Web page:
1. They evolved from previous languages. Languages evolve out of their predecessors, and branch off from their predecessors. Like how Spanish, Italian, French, etc. evolved out of Latin.
2. Linguists don't even begin to know this. Waaay too complex. There's a theory about Proto-Human (a language some linguists think existed a really long time ago and was the origin of all languages), but it's just a theory, there's not much evidence one way or the other. It's on Wikipedia if you want to read more about it.
3. No, those languages didn't come from English. Again, languages evolve out of their predecessors. Think of like how a family tree works. English and German have a common ancestor (a dead language, not in existence anymore), so they'd be something like cousins. English and French also have a common ancestor, but the ancestor is a lot more distant, so they'd be like more a third cousin twice removed or something by comparison. That's the easiest way of thinking of language evolution.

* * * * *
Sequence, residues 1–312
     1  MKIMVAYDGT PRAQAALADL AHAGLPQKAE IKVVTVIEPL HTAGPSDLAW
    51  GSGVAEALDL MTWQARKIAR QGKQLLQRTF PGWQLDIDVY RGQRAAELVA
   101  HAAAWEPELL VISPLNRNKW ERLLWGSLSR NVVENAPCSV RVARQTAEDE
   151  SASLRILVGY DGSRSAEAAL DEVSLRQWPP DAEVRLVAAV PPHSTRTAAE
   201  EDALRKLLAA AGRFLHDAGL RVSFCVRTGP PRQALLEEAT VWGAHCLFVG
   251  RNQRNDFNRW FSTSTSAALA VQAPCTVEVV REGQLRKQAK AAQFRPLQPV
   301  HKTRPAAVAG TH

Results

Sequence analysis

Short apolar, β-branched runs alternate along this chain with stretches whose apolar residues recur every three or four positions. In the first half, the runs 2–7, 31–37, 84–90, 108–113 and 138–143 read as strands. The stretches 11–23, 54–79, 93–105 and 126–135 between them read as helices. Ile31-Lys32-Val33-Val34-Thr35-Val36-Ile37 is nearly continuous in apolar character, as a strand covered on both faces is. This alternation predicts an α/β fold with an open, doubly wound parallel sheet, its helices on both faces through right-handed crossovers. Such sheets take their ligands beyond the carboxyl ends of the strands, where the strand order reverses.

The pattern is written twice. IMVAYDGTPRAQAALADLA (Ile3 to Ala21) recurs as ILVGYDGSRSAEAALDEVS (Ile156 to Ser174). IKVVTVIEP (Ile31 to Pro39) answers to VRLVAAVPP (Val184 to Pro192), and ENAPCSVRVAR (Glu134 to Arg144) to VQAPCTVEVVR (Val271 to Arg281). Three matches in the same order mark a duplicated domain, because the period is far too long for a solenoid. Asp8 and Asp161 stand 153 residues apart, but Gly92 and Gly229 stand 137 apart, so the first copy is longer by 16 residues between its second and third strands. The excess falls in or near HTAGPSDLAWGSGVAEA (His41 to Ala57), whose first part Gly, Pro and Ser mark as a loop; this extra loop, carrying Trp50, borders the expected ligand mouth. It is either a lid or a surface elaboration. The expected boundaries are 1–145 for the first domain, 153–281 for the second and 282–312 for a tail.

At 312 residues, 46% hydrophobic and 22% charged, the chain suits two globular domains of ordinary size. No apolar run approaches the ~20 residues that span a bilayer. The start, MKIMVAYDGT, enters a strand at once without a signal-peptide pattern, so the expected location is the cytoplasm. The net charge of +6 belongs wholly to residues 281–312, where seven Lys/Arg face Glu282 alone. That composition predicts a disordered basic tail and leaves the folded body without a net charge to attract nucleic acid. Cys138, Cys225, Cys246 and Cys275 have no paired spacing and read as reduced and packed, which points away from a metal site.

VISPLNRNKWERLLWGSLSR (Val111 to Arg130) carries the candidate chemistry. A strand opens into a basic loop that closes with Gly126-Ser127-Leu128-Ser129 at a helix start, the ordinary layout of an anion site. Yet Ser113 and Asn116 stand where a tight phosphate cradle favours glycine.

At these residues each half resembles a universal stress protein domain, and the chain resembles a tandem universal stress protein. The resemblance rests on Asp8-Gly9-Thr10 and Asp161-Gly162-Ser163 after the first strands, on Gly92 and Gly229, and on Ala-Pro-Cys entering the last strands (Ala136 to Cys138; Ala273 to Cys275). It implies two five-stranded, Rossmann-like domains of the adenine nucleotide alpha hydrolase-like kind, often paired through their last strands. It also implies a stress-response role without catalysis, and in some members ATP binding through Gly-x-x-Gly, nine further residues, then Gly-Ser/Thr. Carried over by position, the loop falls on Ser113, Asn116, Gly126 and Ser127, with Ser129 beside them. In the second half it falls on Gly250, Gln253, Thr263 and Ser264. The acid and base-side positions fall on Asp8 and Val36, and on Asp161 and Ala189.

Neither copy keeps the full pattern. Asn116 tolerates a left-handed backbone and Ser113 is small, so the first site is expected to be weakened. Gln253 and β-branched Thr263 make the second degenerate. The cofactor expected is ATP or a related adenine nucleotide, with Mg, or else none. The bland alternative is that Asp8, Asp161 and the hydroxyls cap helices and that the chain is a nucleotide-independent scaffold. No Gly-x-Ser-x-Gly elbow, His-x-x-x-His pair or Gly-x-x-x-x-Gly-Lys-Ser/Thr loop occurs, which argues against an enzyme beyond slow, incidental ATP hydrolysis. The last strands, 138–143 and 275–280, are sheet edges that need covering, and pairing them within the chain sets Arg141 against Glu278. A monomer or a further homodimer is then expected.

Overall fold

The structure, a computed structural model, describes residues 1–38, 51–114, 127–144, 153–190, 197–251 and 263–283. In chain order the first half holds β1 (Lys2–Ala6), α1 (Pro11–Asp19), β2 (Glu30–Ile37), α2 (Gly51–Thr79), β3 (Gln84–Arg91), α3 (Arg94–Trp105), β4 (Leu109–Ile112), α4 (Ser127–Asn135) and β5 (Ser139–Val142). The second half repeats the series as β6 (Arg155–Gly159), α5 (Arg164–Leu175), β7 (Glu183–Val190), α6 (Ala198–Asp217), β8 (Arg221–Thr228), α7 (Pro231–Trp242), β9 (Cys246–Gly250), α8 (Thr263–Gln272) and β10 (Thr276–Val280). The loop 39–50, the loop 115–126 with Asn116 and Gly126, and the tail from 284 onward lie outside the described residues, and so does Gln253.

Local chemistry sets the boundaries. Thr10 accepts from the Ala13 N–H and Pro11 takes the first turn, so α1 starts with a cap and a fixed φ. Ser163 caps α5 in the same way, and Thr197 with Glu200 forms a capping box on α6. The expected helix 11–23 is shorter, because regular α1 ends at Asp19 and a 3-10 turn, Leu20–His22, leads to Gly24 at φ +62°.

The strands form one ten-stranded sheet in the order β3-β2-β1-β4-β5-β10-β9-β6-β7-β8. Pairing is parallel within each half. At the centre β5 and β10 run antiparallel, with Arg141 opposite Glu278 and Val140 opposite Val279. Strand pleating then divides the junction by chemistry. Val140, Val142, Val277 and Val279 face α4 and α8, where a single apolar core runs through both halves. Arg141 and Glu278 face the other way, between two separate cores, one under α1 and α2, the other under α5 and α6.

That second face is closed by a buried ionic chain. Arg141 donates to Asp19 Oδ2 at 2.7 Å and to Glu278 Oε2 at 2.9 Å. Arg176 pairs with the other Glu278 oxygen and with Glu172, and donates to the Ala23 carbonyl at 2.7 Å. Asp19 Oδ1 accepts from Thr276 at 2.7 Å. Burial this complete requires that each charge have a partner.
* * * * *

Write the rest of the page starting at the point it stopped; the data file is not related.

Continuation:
4. Estimated 6,000. Guesses vary a lot though (it's a hard thing to estimate...). I don't know what you mean by "legit." The estimations include any modern language spoken natively by some population (i.e. it wouldn't include dead languages).